Image of a young robin in a shed

Spring in Bill Oddie's Garden: A Peek into Seasonal Changes

I am sure we all consider it a privilege and a pleasure when we put food out in the garden and are able to watch the birds arrive, sample the wares and then become ‘regulars’. We also have the satisfaction of knowing that we really are helping them to stay healthy and survive.

Black and white image of Bill Oddie

In return, we enjoy their habits, antics and occasional squabbles at the feeders. We may even get to know certain individuals or -better still- pairs. Best of all, is when they actually decide to nest and successfully rear youngsters. It is also a terrific opportunity to observe the various stages of the ‘mating game.’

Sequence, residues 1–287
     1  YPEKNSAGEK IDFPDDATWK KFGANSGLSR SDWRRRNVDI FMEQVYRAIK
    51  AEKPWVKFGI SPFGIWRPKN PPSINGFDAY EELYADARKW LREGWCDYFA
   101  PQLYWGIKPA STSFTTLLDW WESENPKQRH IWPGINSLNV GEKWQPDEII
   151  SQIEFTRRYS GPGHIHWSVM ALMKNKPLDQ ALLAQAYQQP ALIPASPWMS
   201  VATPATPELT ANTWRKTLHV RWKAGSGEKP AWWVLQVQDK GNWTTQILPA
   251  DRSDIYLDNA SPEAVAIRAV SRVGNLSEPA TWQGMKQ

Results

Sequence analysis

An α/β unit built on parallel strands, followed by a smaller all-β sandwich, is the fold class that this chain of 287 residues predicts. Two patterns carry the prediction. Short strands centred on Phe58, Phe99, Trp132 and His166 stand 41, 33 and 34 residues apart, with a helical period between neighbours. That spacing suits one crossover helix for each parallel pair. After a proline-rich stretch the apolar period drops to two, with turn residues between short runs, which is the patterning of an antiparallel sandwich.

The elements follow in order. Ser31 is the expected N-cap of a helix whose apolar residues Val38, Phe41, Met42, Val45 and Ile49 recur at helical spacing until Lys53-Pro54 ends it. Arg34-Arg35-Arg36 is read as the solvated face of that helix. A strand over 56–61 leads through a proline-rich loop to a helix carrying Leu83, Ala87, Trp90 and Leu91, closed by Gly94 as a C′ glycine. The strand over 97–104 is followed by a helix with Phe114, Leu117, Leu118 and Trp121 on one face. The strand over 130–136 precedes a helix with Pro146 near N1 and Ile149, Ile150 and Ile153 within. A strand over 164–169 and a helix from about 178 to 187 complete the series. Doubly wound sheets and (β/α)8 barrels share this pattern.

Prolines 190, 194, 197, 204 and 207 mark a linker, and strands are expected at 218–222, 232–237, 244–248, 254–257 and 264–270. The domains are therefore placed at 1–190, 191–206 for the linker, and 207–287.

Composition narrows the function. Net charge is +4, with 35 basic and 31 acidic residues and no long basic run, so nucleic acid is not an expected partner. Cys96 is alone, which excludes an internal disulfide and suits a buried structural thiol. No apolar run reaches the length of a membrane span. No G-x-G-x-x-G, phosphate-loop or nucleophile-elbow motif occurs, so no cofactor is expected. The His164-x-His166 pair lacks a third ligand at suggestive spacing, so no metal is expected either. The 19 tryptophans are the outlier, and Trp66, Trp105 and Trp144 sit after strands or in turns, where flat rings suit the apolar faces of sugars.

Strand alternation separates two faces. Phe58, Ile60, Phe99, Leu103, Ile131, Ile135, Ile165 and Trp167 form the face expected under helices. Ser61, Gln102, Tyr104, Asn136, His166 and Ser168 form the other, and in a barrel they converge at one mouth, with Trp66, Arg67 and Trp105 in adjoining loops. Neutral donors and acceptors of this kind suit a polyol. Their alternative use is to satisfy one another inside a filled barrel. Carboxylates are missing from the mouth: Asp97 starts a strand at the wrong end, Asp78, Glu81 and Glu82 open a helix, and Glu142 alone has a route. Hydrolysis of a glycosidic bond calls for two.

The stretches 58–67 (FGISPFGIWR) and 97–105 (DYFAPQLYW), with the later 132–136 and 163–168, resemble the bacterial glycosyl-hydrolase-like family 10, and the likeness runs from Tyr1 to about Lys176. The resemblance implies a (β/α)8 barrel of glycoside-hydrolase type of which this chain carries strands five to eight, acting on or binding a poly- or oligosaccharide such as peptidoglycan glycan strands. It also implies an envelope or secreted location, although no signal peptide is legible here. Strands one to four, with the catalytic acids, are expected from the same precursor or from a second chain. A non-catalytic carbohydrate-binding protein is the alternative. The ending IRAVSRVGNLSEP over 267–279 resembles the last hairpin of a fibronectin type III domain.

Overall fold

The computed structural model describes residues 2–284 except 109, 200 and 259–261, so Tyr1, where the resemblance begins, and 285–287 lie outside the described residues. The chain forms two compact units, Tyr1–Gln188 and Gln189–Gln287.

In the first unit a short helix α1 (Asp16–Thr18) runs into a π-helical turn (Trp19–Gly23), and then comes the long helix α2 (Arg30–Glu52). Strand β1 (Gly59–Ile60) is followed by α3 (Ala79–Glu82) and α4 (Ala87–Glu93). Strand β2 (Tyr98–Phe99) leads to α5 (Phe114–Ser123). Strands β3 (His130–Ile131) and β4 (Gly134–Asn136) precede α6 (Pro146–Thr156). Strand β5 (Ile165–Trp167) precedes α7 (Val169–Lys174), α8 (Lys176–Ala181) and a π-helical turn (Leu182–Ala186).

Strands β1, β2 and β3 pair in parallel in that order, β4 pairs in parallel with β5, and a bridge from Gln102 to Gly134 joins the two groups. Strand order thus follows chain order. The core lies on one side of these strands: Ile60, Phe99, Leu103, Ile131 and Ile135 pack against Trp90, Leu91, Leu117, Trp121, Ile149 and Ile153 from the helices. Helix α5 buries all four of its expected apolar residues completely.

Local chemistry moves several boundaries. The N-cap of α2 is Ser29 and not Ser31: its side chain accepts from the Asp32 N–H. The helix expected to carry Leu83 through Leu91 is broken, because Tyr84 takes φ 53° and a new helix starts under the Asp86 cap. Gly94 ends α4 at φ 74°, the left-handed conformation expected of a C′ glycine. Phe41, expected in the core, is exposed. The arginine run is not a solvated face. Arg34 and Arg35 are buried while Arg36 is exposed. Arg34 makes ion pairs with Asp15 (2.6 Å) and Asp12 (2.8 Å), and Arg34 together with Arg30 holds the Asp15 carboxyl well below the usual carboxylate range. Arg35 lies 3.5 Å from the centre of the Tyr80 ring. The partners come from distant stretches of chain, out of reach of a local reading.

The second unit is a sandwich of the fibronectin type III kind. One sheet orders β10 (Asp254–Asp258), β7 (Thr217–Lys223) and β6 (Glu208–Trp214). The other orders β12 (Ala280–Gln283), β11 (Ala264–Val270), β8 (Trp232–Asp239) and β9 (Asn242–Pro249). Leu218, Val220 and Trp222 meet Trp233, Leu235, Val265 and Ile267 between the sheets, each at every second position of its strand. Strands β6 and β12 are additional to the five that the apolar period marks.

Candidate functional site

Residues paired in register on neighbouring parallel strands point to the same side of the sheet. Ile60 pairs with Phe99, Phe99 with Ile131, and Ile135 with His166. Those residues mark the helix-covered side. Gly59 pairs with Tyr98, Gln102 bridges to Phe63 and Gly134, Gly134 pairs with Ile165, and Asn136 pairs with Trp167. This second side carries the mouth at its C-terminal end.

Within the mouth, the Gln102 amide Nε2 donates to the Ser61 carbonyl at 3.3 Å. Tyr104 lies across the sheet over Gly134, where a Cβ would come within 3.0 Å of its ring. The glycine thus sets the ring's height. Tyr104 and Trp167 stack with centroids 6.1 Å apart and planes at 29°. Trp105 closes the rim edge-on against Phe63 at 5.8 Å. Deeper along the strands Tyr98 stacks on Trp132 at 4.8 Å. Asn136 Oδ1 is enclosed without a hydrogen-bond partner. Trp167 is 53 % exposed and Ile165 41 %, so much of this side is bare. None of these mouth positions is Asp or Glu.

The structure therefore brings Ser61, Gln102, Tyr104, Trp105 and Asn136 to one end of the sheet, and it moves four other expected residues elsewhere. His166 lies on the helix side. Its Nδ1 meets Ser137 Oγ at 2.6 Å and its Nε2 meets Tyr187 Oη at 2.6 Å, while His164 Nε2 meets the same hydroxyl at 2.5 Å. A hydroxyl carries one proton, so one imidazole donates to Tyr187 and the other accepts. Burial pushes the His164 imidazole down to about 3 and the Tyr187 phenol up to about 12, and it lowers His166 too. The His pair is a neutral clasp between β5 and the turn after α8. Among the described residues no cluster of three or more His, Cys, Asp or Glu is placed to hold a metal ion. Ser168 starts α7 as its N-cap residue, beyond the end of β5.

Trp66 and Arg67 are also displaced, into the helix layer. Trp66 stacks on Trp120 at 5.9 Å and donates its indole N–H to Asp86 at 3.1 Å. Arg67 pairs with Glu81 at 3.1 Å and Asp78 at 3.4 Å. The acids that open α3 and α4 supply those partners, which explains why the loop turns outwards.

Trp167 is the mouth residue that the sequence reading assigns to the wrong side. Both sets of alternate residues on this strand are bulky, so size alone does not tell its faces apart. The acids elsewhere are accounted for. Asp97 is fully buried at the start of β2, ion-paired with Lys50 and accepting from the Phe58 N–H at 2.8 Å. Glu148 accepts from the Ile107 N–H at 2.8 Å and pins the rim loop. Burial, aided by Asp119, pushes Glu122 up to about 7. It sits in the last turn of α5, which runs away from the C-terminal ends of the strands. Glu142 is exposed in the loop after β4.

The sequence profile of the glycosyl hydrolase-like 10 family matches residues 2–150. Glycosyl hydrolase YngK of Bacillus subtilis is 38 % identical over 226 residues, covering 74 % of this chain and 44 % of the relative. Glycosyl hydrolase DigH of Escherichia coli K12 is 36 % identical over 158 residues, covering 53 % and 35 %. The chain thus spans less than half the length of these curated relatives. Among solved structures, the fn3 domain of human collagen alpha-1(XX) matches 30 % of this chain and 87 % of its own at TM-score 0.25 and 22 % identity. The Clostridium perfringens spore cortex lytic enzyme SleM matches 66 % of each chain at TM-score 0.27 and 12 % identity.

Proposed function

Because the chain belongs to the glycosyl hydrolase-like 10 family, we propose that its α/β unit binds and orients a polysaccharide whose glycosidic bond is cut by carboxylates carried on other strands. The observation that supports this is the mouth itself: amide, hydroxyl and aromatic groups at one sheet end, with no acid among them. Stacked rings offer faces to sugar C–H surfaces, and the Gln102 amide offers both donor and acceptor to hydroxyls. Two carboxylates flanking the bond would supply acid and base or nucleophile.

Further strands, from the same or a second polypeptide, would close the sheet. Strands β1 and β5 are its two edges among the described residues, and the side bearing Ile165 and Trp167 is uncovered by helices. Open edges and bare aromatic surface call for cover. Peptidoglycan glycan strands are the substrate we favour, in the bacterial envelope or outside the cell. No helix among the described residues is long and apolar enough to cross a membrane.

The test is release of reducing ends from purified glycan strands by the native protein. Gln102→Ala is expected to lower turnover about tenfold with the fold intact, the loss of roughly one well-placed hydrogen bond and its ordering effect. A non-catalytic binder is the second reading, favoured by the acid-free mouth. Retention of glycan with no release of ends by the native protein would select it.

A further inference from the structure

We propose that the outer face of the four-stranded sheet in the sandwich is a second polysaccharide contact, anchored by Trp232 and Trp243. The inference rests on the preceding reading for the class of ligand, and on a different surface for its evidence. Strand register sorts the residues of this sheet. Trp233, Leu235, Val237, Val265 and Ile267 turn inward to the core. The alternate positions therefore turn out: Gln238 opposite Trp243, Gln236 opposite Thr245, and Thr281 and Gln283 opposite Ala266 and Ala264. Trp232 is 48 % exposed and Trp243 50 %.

It may not be long past Christmas when you notice that there seem to be a few extra male Blackbirds on the lawn. What’s more, they seem to be spending less time pulling up worms, and more chasing one another, until one is declared the winner, which qualifies him chase a female instead. The same sort of thing is going on with the Robins, only their fights and flights are even more high speed and ferocious. With Robins, it’s not so easy to sort out who is who because both sexes look the same. And just to cause further confusion, both sing, though the male’s tunes are rather more forceful.

Image of a robin in a rockery


Image of a robin with a leaf in its mouth